Thus, I would say for you not to feel a rush about writing. Take a lesson that I give my children: If you don't like the practice, you really do not like playing the game. The same with writing. If you really enjoy writing, you will enjoy the work involved to get good at it.

Re: Intro and frustrations

PostPosted: Sat May 02, 2015 2:55 pm
by crit15937
But if the only thing that helps me at all is clear examples from my own work how can I possibly improve. I love reading and am constantly reading other people's work. Still I can't pick out the things in their work that make them good and even if I do I have no idea how to do the same thing. The biggest help someone gave me once was my sister. She took a sentence I wrote and rewrote it into her own words. Because of that fresh outlook I was able to turn it into a whole chapter. It didn't take her long and it wasn't a lot but I desperately need those fresh ideas from my own work. Otherwise I read over and over again and see nothing new in it and just feel there are all these blank spaces and have no idea what to put in them. I have always been terrible at fill in the blank and did very badly. I am much better at recognizing the right answer like in multiple choice. I just can't know it until I see it. It works the same with my writing. Without seeing the right way to do something I just can never get there on my own.

I already knew I lacked depth and details and was hoping for just a few ideas from others, suggestions on what to add. Just a few would have been enough to help me refresh the story. I am hoping the next submission will give me some better feedback since it was a shorter submission, but if it isn't I don't know what to do next.

I kind of feel like I'm drowning and no one will throw me a life boat. I can't help feeling hopeless. Maybe my inability to pick up things by reading and apply it on my own is too big of a problem. Maybe I just need too much help. I mean is my story even interesting enough to keep working on it? I've never really had a lot of confidence and always end up running around in circles. Am I just wasting my time?

Re: Intro and frustrations

PostPosted: Sun May 03, 2015 11:06 am
by crit19292
Yes, well, I (and possibly others) have two major problems.

1) It is not our work
We do not want to influence your writing. Also, it is doubtful that our train of thought will match with yours. The art of writing is to present your ideas, your stories, and get others to like them (or at least read unto completion). We will let you have your ideas with us just doing what we can to advise you on techniques.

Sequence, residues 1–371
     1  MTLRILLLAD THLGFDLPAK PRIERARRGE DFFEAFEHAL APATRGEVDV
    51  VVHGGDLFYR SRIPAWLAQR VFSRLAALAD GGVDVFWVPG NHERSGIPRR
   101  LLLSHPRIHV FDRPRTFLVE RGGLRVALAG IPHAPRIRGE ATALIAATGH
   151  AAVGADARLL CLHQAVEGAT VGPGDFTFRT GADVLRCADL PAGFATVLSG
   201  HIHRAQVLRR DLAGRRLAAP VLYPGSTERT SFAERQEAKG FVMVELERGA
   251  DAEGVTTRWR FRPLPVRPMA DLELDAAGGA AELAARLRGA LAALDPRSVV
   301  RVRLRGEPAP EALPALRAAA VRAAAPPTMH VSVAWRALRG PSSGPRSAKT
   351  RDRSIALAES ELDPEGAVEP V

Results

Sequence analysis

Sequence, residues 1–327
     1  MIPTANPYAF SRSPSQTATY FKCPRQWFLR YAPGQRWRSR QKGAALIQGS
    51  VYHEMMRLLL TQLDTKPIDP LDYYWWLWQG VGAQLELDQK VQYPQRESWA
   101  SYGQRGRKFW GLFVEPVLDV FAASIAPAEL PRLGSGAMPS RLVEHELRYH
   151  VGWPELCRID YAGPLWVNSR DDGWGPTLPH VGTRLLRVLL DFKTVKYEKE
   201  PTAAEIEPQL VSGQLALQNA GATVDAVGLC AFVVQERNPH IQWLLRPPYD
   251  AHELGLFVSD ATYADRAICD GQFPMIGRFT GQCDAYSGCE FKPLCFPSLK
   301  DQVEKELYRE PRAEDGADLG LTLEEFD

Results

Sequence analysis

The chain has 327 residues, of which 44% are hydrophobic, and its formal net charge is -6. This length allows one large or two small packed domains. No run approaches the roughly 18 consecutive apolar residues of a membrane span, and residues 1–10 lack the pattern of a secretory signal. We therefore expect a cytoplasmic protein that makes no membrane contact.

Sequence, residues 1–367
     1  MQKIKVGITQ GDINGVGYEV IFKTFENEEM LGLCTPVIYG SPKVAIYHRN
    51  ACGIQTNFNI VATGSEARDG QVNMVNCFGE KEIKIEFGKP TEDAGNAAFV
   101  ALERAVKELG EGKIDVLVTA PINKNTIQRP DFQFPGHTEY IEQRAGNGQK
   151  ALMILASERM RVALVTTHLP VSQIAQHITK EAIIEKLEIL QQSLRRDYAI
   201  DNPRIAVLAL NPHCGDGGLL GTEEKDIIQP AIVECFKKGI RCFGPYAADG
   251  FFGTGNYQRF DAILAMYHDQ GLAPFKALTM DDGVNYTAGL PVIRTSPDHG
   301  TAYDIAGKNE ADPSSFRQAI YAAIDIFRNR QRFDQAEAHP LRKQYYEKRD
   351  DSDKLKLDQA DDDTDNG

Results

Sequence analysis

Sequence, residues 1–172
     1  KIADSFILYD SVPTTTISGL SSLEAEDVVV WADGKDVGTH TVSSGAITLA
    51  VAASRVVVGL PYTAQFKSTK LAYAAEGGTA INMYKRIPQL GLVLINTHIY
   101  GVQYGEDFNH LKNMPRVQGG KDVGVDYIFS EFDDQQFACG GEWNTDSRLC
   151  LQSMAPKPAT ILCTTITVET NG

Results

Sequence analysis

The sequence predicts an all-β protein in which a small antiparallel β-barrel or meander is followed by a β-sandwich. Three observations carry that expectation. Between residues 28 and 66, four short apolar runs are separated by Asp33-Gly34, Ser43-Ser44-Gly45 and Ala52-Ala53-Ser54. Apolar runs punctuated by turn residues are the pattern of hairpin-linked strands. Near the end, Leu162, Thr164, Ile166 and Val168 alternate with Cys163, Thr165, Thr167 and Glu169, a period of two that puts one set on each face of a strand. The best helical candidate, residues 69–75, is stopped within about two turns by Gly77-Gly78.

2) It would not work anyway
What I would suggest probably would confuse you more than help. I like the odd and unusual with most of my work being how to translate that into a good story that others can follow and comprehend. My biggest complaint to others is that they are not describing enough to get me to visual and understand what is coming from their head. What I would suggest would thus probably not even connect with you.

Now, to me adding depth is a matter of simply asking what would 'normally' happen. Think of what you are doing when you are 'normally' walking down a hallway, driving your car to town, etc. Once you can relate (with words) a normal activity, you then work on the details that would differentiate what is happening in your story (even if the differences is simply the surrounding architecture or the type of people being met). Another biggee for me is simply figuring out ways to describe other people. A mustache is not just a mustache, as us men have different types of upper lips, different ways the hair grows, etc. Adding depth is usually just adding those things that will make the characters, scenes, and actions more vivid in the mind of your readers. That is where reading helps, as you can see how other writers handled the task (or should have been held at fault for not doing so). That is where watching movies help, as you can see (learn to pay attention) what type of locations are chosen, what type of staging is done to affect the actions, and how are the actors dressed and what motions do they perform. As you learn to see all the fine details in life, written words, and media presentations, you can then realize what is missing in your own writings.

Re: Intro and frustrations

PostPosted: Sun Oct 01, 2017 7:36 am
by crit32715
I wanted to offer a suggestion to the poster. I am new to this forum and have not been very active yet in posting here but I have done a lot of writing. I have 3 books published and am on the fifth rewrite of my new sci-fi series. It's a lot of work but the work is a pleasure to me.

I read your posts and the wonderful advice you've been given thus far. I just wanted to throw out the idea to you of downscaling to short stories initially and then mastering those you can gradually increase the length of your work. This has the benefit of allowing in depth reviews of an entire work, it allows for a more focused learning experience minus the frustration of having a large body of work in need of correction or critique.

For a very long time no one was able to run a mile in under four minutes. The first person to do this astonished the world and soon after he had done this others began to do it as well.

But when he was interviewed and asked how he had achieved this feat he said, "I didn't focus on running a four minute mile. I focused all of my energy on running a one minute quarter mile. Once I was able to do that I focused on doing a two minute half mile run. Then a three minute three quarter mile. And the rest is history..."

I hope that this suggestion helps and I wish you the very best with your writing. Cheers!